An inventory search must be conducted for some legitimate police purpose other than a search for evidence.
Defendant became the subject of surveillance by the Drug Enforcement Agency (“DEA”) as part of an investigation into cocaine trafficking. During the course of their investigation, DEA agents discovered that the Defendant’s driver’s license had been suspended, meaning that he could be subject to an arrest at any point while operating a motor vehicle. The DEA agents contacted a State police trooper to follow the Defendant’s vehicle, make a lawful stop, and arrest him because they suspected that the trooper would find narcotics while he conducted an inventory search of the vehicle. Following the DEA agents’ instructions, the trooper stopped the Defendant’s car for changing lanes without signaling and arrested him for driving on a suspended license. The trooper conducted an inventory search of the vehicle and located a black backpack in the backseat that contained cocaine. The Defendant moved to suppress the evidence obtained from the search of the backpack.
In the absence of some legitimate police purpose other than a search for evidence, are the police permitted to conduct an inventory search incident to a lawful arrest?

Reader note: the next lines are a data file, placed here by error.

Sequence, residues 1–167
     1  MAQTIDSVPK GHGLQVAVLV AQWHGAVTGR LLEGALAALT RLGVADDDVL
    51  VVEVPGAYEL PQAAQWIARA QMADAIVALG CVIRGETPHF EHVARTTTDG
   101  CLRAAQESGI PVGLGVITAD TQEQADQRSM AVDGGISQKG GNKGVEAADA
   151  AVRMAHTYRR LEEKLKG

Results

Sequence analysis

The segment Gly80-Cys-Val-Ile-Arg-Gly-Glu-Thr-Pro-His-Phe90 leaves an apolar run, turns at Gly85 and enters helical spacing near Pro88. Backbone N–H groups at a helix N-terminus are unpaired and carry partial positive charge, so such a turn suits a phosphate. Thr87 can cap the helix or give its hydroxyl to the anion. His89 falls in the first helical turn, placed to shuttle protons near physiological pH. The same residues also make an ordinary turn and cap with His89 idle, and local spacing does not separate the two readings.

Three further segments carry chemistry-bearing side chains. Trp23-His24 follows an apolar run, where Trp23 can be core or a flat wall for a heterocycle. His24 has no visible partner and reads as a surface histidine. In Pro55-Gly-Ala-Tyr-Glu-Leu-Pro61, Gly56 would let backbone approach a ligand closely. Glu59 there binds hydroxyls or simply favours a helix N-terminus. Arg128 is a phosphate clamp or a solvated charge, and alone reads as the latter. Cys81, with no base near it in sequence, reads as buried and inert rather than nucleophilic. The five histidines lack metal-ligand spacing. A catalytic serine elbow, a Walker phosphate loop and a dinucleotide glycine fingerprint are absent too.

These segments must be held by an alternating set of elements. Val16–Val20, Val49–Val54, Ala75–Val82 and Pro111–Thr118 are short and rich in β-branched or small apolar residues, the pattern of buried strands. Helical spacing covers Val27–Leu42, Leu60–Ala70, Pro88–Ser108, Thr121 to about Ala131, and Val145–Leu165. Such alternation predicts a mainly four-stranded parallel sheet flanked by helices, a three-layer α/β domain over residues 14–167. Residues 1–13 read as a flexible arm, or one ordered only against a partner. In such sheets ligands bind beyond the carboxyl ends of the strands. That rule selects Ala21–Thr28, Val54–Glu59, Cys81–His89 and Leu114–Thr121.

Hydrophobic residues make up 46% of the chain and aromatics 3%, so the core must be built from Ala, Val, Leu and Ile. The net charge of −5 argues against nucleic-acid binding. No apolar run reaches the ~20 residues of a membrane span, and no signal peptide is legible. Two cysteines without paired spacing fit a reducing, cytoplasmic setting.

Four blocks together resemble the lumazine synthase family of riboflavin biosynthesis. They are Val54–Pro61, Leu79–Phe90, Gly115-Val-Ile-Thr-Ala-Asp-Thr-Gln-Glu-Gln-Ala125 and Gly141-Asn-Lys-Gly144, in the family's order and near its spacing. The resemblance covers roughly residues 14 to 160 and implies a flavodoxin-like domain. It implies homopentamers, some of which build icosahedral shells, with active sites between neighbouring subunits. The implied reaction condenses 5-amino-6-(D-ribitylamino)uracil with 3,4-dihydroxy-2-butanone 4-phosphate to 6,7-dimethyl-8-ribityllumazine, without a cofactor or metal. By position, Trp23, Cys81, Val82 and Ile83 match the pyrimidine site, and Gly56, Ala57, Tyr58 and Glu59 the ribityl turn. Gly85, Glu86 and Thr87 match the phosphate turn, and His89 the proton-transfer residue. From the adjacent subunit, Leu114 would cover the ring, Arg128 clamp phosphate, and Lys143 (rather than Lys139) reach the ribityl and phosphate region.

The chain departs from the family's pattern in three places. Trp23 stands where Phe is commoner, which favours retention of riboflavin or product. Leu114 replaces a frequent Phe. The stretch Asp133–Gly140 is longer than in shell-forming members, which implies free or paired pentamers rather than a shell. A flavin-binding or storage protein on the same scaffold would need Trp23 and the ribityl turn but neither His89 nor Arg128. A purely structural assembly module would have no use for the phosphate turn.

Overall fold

Even if otherwise valid, an inventory search must be conducted for some legitimate police purpose other than a search for evidence, which is considered an investigative search. For example, sometimes police will conduct an inventory search for the legitimate purpose to protect the public against the possibility that the car might contain weapons. Here, the Defendant’s arrest was prearranged for the sole purpose of searching the Defendant’s vehicle to obtain evidence of narcotics. When viewing the trooper’s conduct objectively, the search of the backpack was an investigative search and not an inventory search. Thus, the evidence obtained as a result of an unlawful investigative search was properly suppressed.